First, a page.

Prozac - Fluoxetine

Why is this medication prescribed?

Prozac or Fluoxetine, is an antidepressant (mood elevator), and is used to treat depression, obsessive-compulsive disorders, and some eating disorders. Fluoxetine (Sarafem) is used to treat premenstrual dysphoric disorder.

This medication is sometimes prescribed for other uses; ask your doctor or pharmacist for more information.

How should this medicine be used?

Fluoxetine comes as a capsule, tablet, and liquid to take by mouth. It is usually taken once or twice a day and may be taken with or without food. Follow the directions on your prescription label carefully, and ask your doctor or pharmacist to explain any part you do not understand. Take fluoxetine exactly as directed. Do not take more or less of it or take it more often than prescribed by your doctor.

Fluoxetine oral liquid comes with a specially marked dropper for measuring the dose. Ask your pharmacist to show you how to use the dropper. Dilute the liquid in 4 ounces (120 ml) of water, apple juice, or Gatorade just before taking it.

Continue to take fluoxetine even if you feel well. Do not stop taking fluoxetine without talking to your doctor, especially if you have taken large doses for a long time. Your doctor probably will want to decrease your dose gradually. This drug must be taken regularly for a few weeks before its full effect is felt.

What special precautions should I follow?

Before taking fluoxetine:

Tell your doctor and pharmacist if you are allergic to fluoxetine or any other drugs.

Tell your doctor and pharmacist what prescription and nonprescription drugs you are taking or have taken within the last 2 weeks, especially anticoagulants [warfarin (Coumadin)]; antidepressants; antihistamines; antipsychotics such as haloperidol (Haldol) or clozapine (Clozaril); buspirone (BuSpar); carbamazepine (Tegretol); cyclosporine (Neoral, Sandimmune); levodopa (Larodopa, Sinemet); lithium (Eskalith, Lithobid); MAO inhibitors [phenelzine (Nardil); medication for anxiety, diabetes, high blood pressure, seizures, Parkinson's disease, asthma, colds, or allergies; muscle relaxants; phenytoin (Dilantin); phentermine; pimozide (Orap); sedatives; sleeping pills; sumatriptan (Imitrex); thioridazine (Mellaril); thyroid medications; tranylcypromine (Parnate)]; tranquilizers; tryptophan; and vitamins. You should not take phenelzine (Nardil), tranylcypromine (Parnate), or thioridazine until at least 5 weeks after you stop taking fluoxetine.

Tell your doctor if you have or have ever had glaucoma, an enlarged prostate, difficulty urinating, seizures, diabetes, an overactive thyroid gland, or liver or heart disease.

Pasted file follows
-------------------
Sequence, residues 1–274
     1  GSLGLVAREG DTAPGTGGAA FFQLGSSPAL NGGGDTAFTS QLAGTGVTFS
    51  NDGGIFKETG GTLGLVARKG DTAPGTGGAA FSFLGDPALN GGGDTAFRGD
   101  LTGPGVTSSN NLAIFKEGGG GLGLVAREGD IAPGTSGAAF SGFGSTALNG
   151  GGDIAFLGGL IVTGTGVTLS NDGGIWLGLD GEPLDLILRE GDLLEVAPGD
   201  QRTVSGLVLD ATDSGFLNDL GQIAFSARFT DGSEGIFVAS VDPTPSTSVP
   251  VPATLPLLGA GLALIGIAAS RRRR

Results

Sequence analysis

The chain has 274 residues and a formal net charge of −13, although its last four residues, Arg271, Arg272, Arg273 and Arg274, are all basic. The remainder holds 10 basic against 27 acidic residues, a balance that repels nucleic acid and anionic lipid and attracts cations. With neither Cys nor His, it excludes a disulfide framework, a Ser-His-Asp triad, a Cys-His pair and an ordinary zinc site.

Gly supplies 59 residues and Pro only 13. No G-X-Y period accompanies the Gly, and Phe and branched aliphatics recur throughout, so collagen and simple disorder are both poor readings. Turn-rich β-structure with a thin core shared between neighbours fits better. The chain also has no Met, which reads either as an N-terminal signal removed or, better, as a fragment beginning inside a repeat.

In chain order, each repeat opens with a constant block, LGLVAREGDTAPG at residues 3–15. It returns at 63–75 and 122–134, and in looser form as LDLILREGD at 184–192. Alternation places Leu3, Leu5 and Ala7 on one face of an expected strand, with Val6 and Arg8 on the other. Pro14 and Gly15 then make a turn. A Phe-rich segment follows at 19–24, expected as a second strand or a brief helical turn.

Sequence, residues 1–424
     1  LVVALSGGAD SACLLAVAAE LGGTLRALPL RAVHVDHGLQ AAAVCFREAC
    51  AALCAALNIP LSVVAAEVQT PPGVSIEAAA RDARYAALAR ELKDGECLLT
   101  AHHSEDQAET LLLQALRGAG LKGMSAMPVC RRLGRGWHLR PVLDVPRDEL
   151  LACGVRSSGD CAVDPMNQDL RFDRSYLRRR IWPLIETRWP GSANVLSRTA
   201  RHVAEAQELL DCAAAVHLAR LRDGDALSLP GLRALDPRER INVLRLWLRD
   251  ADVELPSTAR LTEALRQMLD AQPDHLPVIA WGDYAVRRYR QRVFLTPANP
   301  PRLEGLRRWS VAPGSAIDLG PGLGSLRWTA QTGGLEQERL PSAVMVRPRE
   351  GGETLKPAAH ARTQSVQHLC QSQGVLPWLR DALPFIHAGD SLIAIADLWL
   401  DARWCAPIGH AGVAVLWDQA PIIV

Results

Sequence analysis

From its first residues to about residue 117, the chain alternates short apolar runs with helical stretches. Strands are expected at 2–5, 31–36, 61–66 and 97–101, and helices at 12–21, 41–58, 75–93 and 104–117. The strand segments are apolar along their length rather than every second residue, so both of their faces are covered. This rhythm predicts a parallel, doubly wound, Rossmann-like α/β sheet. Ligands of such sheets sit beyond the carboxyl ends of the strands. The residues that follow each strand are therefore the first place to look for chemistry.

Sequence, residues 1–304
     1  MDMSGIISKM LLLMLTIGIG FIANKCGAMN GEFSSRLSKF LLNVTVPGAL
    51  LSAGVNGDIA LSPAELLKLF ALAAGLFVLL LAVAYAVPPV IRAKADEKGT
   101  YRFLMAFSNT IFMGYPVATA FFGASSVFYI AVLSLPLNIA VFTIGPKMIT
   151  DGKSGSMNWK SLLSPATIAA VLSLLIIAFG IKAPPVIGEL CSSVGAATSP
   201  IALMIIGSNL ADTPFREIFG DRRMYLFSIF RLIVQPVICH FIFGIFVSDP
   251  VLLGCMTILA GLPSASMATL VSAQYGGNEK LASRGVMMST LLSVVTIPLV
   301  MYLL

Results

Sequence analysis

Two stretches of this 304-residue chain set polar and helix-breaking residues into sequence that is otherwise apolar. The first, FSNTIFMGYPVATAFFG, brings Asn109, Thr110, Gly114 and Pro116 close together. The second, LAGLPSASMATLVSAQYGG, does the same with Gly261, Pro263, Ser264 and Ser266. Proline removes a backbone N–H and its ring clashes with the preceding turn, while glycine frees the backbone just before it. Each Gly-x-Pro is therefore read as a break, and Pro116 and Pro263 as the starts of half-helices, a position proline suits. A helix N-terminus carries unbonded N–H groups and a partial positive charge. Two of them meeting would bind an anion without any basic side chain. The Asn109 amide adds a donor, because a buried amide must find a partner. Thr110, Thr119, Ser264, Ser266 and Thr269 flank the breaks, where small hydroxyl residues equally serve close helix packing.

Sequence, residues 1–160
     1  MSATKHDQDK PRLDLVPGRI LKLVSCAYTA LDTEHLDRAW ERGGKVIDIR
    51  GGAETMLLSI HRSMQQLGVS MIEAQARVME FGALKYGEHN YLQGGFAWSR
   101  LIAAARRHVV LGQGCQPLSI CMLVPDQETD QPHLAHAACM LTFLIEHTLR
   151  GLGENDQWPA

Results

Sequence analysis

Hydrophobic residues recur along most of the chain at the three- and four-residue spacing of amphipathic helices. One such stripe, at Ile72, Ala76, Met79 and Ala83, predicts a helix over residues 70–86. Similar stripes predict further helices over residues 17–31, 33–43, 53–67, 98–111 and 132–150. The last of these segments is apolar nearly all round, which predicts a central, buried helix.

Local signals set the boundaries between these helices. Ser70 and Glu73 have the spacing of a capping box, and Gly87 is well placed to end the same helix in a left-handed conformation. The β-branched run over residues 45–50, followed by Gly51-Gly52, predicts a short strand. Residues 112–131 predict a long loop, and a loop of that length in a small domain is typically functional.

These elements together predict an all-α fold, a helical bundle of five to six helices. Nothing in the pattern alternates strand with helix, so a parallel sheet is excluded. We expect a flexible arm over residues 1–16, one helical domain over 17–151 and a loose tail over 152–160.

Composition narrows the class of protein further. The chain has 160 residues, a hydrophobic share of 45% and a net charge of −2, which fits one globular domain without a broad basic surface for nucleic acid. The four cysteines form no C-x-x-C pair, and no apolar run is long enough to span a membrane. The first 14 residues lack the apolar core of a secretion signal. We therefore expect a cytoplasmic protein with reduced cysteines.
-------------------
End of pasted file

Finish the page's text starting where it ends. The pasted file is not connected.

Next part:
Tell your doctor if you are pregnant, plan to become pregnant, or are breast-feeding. If you become pregnant while taking fluoxetine, call your doctor immediately.

If you are having surgery, including dental surgery, tell the doctor or dentist that you are taking fluoxetine.

his drug may make you drowsy. Do not drive a car or operate machinery until you know how this drug affects you.

Remember that alcohol can add to the drowsiness caused by this drug.

Tell your doctor if you use tobacco products. Cigarette smoking may decrease the effectiveness of this drug.

What should I do if I forget a dose?

If you take several doses per day, take the missed dose as soon as you remember it and take any remaining doses for that day at evenly spaced intervals. However, if it is almost time for the next dose, skip the missed dose and continue your regular dosing schedule.

If you take fluoxetine once a day at bedtime and do not remember to take it until the next morning, skip the missed dose. Do not take a double dose to make up for a missed one.

Tell your doctor if any of these symptoms are severe or do not go away:

  • constipation
  • difficulty urinating
  • frequent urination
  • blurred vision
  • changes in sex drive or ability
  • excessive sweating

If you experience any of the following symptoms, call your doctor immediately:

  • jaw, neck, and back muscle spasms
  • slow or difficult speech
  • shuffling walk
  • persistent, fine tremor or inability to sit still
  • fever, chills, sore throat, or flu-like symptoms
  • difficulty breathing or swallowing
  • severe skin rash or hives
  • yellowing of the skin or eyes
  • irregular heartbeat

These are some of the side effects, if you have any side effects that are unusual or that become persistent you should talk to your doctor.

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